Male Health News August 2015

Five million adults in England risk developing diabetes

New data from Public Health England suggests that up to five million people in England risk developing Type-2 diabetes.

As reported by BBC News, Public Health England’s latest analysis outlines that around five million people in England are ‘pre-diabetic’, meaning that their blood sugar levels are higher than normal but not high enough to be considered diabetes. Diabetes can have very serious impacts, with long-term effects including ‘blindness, amputations or early death’, according to Diabetes UK Chief Executive Barbara Young.

However, a number of doctors and organisations question the diagnosis of ‘pre-diabetes’, stating that this is potentially unhelpful as a category, and only a minority with pre-diabetes will go onto develop diabetes.

Nonetheless, if you are worried about your risks of developing Type-2 diabetes, you can take action to reduce your risks. Exercising regularly, eating healthily and maintaining a healthy weight can all help stave off the development of diabetes, as well as have a range of other benefits for you. Some research has also suggested that men are more likely to develop Type-2 diabetes than women, so it is vital for men to understand their risks and take action. You can find more details on our information pages, and Diabetes UK has some great resources to help you both reduce your risk of Type-2 diabetes as well as manage the condition. We have also been tweeting about diabetes symptoms and risks over the last fortnight, so check out our Twitter feed for more inspiration!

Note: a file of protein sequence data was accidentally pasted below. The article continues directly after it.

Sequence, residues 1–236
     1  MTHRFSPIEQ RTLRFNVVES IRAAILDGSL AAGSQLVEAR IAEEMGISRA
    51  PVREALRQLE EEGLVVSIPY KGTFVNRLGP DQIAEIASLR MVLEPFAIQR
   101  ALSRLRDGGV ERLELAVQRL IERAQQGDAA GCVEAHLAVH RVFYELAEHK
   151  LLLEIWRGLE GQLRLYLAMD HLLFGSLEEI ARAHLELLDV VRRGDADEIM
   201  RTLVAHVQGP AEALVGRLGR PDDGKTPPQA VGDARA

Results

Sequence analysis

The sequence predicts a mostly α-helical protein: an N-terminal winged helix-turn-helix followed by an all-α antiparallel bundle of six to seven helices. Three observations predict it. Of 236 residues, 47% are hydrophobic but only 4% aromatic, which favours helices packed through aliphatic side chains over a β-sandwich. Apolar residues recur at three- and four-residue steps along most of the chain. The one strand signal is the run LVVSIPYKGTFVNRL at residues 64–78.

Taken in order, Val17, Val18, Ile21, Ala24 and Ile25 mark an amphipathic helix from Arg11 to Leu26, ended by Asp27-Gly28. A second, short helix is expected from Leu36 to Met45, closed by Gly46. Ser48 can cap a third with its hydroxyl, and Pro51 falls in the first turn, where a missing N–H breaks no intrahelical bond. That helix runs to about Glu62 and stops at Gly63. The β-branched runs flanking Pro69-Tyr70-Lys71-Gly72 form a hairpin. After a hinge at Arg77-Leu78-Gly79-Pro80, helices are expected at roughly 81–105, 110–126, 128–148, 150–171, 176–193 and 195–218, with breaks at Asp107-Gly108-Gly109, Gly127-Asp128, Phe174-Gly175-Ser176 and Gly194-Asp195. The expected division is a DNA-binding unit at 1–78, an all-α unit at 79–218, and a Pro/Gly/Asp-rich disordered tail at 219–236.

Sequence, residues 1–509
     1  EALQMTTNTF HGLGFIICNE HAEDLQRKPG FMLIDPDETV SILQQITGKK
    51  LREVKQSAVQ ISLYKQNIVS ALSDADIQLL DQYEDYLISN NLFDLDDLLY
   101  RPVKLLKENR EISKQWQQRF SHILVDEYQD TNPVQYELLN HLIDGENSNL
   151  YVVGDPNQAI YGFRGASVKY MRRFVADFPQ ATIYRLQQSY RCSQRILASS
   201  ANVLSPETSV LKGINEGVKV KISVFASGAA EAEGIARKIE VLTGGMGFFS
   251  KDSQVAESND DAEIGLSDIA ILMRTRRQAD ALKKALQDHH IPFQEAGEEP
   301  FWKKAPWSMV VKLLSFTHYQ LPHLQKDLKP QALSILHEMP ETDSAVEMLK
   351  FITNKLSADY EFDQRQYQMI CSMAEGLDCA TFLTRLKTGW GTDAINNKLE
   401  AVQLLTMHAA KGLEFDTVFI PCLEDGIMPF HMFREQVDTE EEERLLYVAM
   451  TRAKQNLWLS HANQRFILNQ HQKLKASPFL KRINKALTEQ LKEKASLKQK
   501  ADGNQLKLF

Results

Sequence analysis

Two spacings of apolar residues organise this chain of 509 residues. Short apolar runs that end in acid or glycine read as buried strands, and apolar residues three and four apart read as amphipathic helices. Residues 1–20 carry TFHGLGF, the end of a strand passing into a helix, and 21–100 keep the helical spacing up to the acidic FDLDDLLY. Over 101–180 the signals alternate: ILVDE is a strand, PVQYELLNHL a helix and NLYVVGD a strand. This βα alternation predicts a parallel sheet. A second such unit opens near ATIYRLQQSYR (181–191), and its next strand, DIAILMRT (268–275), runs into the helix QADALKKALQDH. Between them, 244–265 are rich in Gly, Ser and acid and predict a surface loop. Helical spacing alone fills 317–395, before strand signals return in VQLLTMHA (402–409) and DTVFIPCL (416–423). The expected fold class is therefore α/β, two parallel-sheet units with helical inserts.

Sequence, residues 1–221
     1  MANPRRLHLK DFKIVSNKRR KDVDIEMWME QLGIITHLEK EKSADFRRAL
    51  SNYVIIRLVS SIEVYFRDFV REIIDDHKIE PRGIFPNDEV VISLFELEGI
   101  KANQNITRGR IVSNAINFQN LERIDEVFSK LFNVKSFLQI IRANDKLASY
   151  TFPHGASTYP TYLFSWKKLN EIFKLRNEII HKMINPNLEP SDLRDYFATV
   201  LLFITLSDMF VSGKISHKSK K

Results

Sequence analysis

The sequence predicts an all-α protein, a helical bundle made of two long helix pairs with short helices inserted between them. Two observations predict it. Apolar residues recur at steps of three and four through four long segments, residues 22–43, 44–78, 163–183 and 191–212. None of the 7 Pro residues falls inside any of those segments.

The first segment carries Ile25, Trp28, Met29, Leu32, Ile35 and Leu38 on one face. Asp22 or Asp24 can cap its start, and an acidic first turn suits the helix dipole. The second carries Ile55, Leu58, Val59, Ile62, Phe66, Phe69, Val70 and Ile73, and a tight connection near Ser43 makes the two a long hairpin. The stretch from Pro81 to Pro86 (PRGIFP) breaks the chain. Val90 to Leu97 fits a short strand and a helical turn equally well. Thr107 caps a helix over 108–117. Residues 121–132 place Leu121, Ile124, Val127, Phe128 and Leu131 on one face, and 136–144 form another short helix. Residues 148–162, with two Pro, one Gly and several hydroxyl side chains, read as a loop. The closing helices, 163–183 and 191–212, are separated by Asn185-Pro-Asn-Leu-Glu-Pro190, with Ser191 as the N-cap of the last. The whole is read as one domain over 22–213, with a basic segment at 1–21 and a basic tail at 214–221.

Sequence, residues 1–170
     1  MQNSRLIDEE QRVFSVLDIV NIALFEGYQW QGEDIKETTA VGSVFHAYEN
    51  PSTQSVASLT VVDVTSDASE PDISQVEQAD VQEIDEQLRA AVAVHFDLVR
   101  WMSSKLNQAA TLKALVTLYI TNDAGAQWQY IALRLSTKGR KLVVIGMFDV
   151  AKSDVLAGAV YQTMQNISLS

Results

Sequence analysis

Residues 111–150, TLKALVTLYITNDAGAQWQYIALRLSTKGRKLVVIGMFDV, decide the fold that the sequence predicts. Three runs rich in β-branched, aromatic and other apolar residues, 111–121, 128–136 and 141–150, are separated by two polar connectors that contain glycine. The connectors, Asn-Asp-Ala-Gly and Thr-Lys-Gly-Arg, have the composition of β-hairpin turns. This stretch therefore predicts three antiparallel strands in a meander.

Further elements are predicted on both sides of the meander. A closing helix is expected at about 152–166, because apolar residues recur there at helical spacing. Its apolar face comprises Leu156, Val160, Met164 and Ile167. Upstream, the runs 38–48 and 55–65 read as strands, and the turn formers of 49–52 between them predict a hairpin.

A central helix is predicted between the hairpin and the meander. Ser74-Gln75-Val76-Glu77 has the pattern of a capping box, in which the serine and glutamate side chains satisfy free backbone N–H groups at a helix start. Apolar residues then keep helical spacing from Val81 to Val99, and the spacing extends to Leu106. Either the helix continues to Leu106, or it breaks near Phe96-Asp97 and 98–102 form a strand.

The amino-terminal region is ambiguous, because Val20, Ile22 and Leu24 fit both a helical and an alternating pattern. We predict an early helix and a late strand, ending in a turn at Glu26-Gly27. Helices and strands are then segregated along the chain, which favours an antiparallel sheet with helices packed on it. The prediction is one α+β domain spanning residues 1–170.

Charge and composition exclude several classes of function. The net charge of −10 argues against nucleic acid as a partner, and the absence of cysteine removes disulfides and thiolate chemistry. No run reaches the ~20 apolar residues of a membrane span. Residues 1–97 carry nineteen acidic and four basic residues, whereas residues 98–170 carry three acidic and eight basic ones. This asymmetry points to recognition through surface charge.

(28th August 2015)


Stroke risk increased by working long hours

A major international study has concluded that people working more than 55 hours a week have a 33% higher risk of stroke than those working 35-40 hours a week.

The research, published in the Lancet, looked at both heart disease and stroke, pulling together longitudinal studies involving over a million men and women in total from Europe, Australia and the USA. As reported in the Guardian, the researchers concluded that “the longer the working week, the higher was the risk of stroke”, even controlling for factors such as smoking and alcohol consumption. Working long hours was also associated with a 13% increased risk of coronary heart disease. The researchers suggested that these risks may be because many people who work longer sit for long periods at work and so are less physically active; experience “repetitive triggering of the stress response” due to work challenges; and may be more likely to ignore symptoms of disease.

This study reinforces the wisdom that working yourself into the ground is never a good plan for your long-term health. It’s important to be mindful of the impact of your working hours on your wellbeing, and take steps to reduce stress at, or as result of, work wherever possible. It’s also important to continue to motivate yourself to keep active, and find time to do exercise. We’ve covered good pointers to keep yourself motivated on our blog and Twitter feed – check them out if you’re looking for inspiration!